Belt-drive fixed plinth turntable with off-board electronic speed control
The TD 2030 sits just below the top of Thorens current range of turntables and retails for £1725 including the TP 300 VTA tonearm, but no cartridge. Thorens, thoughtfully, includes a pair of cotton gloves to keep your dabs off the acrylic plinth during setup, so gloves on and off we go.
Since the acrylic plinth has no suspension, it’s a simple matter to position the deck on a suitable surface/table, and the plinth can then be levelled by screwing in/out the tip of each of the three feet. The heavy platter is an aluminium affair, weighing in at a substantial 6.2kg and is easily inserted into the pre-greased bearing. Just d on’t forget to fit the felt mat afterwards!
The motor housing, with its AC synchronous motor, is a separate unit and sits in a recess at the rear left corner of the plinth. Positioning this is a bit fiddly, as you need to lift the plinth over the motor housing. The motor is connected with the supplied lead and controlled via the PS 800 power supply, which sports the on/off switch and speed selection between 33 and 45rpm. The PS 800 unit is then connected to the mains via another box, the mains adaptor transformer. The drive belt can now be fitted; this runs from the motor pulley to the outer rim of the turntable’s platter.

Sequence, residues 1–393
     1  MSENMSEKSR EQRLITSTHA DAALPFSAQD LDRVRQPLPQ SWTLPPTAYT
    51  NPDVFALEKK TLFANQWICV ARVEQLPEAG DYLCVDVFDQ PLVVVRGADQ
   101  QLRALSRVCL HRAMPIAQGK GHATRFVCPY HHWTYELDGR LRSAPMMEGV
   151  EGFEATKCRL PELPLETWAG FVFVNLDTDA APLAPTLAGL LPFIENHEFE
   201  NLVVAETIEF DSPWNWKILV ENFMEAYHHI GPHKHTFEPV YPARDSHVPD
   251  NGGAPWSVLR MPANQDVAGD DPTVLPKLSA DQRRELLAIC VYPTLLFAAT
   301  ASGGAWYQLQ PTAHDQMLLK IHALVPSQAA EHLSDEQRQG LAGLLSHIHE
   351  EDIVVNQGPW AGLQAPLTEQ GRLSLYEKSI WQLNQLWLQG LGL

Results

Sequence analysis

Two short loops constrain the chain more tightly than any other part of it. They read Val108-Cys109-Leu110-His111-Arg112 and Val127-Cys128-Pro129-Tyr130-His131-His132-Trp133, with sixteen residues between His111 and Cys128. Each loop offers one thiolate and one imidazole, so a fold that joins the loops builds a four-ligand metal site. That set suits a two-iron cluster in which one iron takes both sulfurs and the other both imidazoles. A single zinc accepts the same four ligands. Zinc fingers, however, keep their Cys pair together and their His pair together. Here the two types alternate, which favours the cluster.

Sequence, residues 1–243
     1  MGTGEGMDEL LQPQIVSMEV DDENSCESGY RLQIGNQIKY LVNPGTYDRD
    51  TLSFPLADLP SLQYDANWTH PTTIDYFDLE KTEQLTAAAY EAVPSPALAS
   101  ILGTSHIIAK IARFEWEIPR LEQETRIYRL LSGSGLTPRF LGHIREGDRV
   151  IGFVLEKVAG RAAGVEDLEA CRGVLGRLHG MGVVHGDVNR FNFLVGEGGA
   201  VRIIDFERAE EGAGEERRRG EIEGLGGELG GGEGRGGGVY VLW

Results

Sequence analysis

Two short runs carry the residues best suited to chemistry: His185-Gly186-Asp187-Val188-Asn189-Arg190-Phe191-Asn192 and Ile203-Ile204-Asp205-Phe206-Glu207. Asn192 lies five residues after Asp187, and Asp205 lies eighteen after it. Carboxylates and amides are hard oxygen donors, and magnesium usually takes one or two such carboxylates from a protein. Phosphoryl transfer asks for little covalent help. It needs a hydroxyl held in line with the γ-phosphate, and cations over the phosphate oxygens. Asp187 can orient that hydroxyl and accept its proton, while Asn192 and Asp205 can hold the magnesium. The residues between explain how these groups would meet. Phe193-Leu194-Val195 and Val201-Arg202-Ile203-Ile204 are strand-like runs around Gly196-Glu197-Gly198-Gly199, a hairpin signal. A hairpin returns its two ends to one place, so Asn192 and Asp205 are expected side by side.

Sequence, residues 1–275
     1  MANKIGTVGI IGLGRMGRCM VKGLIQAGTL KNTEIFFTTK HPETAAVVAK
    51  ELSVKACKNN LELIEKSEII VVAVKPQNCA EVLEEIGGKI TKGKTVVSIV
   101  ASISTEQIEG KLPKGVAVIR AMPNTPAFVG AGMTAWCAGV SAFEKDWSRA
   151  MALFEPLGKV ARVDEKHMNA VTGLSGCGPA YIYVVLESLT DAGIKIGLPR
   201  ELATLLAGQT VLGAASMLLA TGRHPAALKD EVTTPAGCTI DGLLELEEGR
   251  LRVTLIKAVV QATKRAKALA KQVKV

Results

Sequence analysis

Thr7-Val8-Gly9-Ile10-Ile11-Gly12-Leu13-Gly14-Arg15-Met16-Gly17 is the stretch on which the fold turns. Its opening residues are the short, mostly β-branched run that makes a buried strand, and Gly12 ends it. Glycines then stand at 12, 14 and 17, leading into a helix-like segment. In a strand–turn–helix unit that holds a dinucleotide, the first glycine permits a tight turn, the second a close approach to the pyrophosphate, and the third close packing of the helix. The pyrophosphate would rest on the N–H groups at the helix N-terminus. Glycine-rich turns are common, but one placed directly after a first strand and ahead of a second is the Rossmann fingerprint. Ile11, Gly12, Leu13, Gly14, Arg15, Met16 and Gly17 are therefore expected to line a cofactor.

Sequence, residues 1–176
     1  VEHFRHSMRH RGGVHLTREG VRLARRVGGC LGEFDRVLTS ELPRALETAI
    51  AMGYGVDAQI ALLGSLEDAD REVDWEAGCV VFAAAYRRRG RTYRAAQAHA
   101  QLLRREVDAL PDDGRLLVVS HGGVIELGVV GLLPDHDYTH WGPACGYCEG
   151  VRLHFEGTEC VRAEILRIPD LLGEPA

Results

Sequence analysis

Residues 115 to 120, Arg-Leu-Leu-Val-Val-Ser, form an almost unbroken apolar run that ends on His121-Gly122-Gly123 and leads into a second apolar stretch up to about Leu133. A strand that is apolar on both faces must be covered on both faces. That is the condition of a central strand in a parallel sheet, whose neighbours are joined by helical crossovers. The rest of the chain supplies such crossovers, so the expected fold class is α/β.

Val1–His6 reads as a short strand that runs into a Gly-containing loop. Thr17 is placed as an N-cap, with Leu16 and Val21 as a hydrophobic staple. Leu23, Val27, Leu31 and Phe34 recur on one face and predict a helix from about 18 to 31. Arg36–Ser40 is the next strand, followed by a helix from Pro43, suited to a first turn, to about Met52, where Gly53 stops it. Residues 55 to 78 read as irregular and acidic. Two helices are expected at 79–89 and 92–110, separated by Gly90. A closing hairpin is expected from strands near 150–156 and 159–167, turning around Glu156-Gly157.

A CALL TO ARMS
Various ready-fitted tonearm options are available for the TD 2030 – either an SME M2-9 or 309, or a TP 300 VTA. The review sample came with the latter, and okay, so it’s a Rega RB300 with a sticker, but it’s a simple matter of fitting an appropriate cartridge. For this review I installed an Audio Note IQ III, Audio Note’s top of the line MM with titanium cantilever and IO diamond. With tracking weight set and bias dialled in, arm height can be set by an adjusting collar on the TP 300 VTA, and we are almost there. A supplied phono-to-phono lead plugs directly into a pair of sockets at the base of the arm, accessible from the rear of the deck. (This also lends itself to possible upgrade at a later date.)
The styling and visual presence of the TD 2030 in clear acrylic is most striking, and its simplicity of design, ease of setup and quality of engineering was first rate, easily giving the impression that it would last a lifetime, as well it should given the price. Thorens recommends that the bearing is checked and the lubrication renewed after about five years.
With the TD 2030 now fronting up the rest of my resident system – Audio Note M3 preamplifier, Audio Innovations Second Audio power amplifiers and Snell Type C speakers – it was time to choose some vibes. But first, let’s get some gripes out of the way, the first one being the lack of an integral spirit level as per the TD 124. Second, with those adjustable feet, there is no way of locking the thread once they have been extended, which leaves the whole unit wobbling. Alternatively, you might screw the feet back in tight and use 5p pieces to level the deck. Third, Thorens supplies a tracking force gauge which looks as if it came from the same factory that supplies all those Christmas cracker presents, and should be put straight in the bin. Final gripe is the separate control unit section of the PS 800 power supply; it would be preferable if this could be incorporated into the PS 800, hum issues aside.